Alex Enumah in Abuja
Justice Binta Nyako of the Federal High Court, Abuja yesterday granted bail in the sum of N10 million each to the co-defendants of the leader of the proscribed Indigenous People of Biafra (IPOB), Nnamdi Kanu.
The defendants – Â Bright Chimezie; Chidiebere Onwudiwe; Benjamin Madubugwu and David Nwawuisi – are standing trial on all alleged treasonable felony preferred against them by the federal government.
Justice Nyako, in granting the fresh bail application of the defendants, also ordered that they provide two sureties each in like sum.
The bail, which should be in cash, is expected to be deposited in the courtâ€™s account.
Other conditions attached to the bail included an order preventing the defendants from granting any press interview or participating in any form of gathering or rally.
Justice Nyako further ordered the defendants to report to the Commissioners of Police in their respective states of residence every two weeks.
While Chimezie was ordered to report to the Commissioner of Police in Rivers State, Â Onwudiwe and Nwawuisi are to report to the Commissioner of Police in Enugu State and Madubugwu to the Commissioner of Police in Anambra State.
Following the severance of their trial from that of Kanu, whose whereabouts remains unknown since last year, when his family home in Abia State was invaded by military personnel, the federal government re-arraigned them on a three-count amended charge of treasonable felony.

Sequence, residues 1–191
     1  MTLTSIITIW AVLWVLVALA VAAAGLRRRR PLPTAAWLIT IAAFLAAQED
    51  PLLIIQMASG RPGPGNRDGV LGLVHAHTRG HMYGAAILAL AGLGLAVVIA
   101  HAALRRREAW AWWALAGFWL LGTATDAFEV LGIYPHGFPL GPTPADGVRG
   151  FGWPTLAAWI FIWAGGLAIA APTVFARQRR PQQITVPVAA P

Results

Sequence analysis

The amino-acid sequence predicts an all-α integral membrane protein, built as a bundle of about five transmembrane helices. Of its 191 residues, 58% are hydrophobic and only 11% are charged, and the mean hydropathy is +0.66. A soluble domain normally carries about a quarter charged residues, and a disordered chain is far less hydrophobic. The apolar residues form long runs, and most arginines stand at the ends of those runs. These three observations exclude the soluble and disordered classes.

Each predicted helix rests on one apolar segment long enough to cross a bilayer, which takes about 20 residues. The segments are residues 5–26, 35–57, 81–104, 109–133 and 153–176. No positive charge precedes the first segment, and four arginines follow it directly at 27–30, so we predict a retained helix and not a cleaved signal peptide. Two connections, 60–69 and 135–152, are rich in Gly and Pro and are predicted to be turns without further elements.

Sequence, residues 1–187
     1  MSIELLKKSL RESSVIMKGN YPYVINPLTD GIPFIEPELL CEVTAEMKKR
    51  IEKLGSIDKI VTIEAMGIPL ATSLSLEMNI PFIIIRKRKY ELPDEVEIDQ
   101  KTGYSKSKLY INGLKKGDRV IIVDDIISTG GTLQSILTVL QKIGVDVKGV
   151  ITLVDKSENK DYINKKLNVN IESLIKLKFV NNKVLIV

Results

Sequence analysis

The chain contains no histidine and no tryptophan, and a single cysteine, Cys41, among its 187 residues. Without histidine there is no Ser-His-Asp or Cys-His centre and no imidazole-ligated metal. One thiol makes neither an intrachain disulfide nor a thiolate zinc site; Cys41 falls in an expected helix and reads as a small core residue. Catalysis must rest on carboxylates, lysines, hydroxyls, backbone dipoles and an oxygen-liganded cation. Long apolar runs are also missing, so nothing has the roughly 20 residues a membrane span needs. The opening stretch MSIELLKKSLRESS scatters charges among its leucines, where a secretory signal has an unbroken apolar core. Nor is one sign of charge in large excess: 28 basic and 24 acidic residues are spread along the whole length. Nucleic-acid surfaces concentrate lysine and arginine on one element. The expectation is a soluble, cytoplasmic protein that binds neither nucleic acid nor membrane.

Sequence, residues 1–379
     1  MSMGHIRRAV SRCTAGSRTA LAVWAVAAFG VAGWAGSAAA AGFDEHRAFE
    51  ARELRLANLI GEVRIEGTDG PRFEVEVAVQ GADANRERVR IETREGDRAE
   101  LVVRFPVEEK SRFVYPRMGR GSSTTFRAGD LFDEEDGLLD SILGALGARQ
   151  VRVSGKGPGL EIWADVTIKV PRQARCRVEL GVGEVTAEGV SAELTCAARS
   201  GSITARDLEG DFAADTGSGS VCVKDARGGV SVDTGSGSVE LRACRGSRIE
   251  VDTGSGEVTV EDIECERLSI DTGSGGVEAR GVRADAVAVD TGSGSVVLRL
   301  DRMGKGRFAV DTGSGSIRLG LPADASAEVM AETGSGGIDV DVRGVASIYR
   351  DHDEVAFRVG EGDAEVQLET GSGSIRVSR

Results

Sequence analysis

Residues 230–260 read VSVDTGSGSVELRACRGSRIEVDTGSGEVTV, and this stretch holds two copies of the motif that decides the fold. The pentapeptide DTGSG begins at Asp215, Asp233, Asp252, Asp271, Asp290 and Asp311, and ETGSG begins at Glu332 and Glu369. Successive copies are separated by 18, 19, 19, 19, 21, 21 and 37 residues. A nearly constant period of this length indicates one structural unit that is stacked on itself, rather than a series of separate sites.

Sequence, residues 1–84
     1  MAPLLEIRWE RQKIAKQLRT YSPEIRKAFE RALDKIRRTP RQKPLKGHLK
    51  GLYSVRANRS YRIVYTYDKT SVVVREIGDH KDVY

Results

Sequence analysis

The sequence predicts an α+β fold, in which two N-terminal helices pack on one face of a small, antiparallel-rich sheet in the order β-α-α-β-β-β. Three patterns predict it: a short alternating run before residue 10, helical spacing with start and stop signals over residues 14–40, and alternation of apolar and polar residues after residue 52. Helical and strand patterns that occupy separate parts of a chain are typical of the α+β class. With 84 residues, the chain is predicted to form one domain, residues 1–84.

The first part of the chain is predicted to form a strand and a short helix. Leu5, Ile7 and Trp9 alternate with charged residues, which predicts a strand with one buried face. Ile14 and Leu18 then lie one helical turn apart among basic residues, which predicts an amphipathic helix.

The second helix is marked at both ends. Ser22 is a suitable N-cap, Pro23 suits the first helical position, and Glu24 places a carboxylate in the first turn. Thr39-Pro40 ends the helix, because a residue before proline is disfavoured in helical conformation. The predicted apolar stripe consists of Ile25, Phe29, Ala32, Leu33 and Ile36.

Consequently, the defendants through their counsel had asked the court to release them on bail.
They have maintained their innocence of the charge against them, adding that even the charges are bailable.
However, counsel to the federal government, Shuaibu Labaran, opposed their applications.
But delivering ruling on their applications, Justice Nyako, said the applications succeeded on health grounds and the number of years they had spent in detention.
Nyako stated that Chimezie had earlier been granted bail by the Federal High Court in Uyo in May 2017 but the Department of State Service (DSS), which was then holding him in custody refused to release him.
The court in addition said the defendants had spent an average of three years in custody when the maximum penalty for the offences they were alleged to have committed carries between five to seven years upon conviction.